To capture the rosy blush of the first warm days of summer, there’s no better ingredients to start with than rhubarb, strawberries or any possible combinations of the two. No wonder you’re seeing them appearing on so many menus right now, since the twosome is inevitably paired as soon as the first harvest arrives. Chef Katie Button from Asheville’s Cúrate recently told Food & Wine magazine, “I’m a traditionalist when it comes to rhubarb cookery, meaning it better have strawberries in it.”
Kim Ode wrote an entire book on one half of summer’s cutest couple, Rhubarb Renaissance. She savors everything the herbaceous perennial can bring to a menu. “It represents tradition for me, but also a Northern vibe that some may find almost exotic, which is worth cherishing” she says.
While freshly picked strawberries are often quite tender and need to be treated with care, rhubarb is a heartier, less fussy ingredient. Ode notes, “rhubarb offers a lot of bang for the buck. Its tart, almost-astringent quality brightens a dish with a distinctive flavor. It keeps pretty well in the fridge and freezes beautifully.”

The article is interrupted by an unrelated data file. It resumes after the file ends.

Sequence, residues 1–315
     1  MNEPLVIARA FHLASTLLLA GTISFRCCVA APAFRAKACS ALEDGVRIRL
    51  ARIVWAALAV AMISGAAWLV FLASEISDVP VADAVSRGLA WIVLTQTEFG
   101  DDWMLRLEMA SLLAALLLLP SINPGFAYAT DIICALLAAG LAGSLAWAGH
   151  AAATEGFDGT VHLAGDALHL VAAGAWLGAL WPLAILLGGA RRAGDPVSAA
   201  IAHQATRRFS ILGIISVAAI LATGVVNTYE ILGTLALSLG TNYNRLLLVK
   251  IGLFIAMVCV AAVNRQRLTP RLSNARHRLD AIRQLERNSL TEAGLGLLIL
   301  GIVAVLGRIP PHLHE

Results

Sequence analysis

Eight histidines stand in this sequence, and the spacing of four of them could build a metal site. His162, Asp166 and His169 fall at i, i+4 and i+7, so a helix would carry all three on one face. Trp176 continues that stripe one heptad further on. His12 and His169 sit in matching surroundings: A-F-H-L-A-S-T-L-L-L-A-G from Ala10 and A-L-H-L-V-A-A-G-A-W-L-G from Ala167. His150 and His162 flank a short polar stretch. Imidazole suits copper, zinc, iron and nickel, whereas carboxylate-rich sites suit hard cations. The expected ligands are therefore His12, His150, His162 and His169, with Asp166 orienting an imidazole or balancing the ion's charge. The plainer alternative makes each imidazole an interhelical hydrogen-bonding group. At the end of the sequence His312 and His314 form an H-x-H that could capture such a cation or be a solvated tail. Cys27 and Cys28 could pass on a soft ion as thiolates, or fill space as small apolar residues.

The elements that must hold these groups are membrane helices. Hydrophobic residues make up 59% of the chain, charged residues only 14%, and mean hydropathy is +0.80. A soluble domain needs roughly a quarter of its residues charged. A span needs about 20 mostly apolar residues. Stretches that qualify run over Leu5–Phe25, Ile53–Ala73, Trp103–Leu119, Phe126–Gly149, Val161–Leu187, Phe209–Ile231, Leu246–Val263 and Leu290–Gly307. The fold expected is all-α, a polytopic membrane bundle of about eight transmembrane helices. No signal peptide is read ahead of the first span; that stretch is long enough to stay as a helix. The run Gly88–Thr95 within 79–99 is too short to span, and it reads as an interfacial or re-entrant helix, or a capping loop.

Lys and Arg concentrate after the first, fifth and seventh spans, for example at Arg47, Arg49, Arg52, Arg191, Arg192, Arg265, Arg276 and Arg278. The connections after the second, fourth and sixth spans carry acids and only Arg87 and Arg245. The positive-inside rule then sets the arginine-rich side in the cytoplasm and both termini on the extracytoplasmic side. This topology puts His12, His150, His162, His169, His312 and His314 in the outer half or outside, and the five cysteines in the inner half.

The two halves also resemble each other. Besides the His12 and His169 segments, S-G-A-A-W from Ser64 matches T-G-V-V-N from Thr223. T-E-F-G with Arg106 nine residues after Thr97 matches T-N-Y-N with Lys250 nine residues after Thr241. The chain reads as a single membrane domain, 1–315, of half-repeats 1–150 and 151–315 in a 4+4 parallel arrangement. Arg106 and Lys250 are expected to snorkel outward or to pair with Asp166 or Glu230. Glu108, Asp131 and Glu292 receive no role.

And while you may naturally think of these two as classic dessert foods, they can also work well in more savory applications. Strawberries and other berries are increasingly being used as an ingredient in side and main dish salads, for example. And Ode offers these thoughts on moving rhubarb to a new location on the menu: “Rhubarb has a great, mostly unsung, savory side, and it pairs wonderfully with shrimp, fresh fish and pork. Pickled rhubarb adds life to lots of preparations. Bottom line, it’s a fresh way to add a note of acid to foods that makes them pop, and it looks pretty.”
These fresh and fruity flavors also are featured in many trendy beverages. Of course, they’re a natural for non-alcoholic quenchers like strawberry lemonade. They’re also finding a place on seasonal cocktail menus with strawberry-rhubarb versions of the margarita, gin fizz and Tom Collins. Colorado’s Great Divide Brewing Co. even has a strawberry rhubarb sour ale, touted as a perfect combination because, as they say, “Strawberry is the yin to rhubarb’s yang—the sweet to the tart. This beautiful partnership creates a beer that glows ruby in the glass, bursts with strawberry aroma, and bites with every sip.”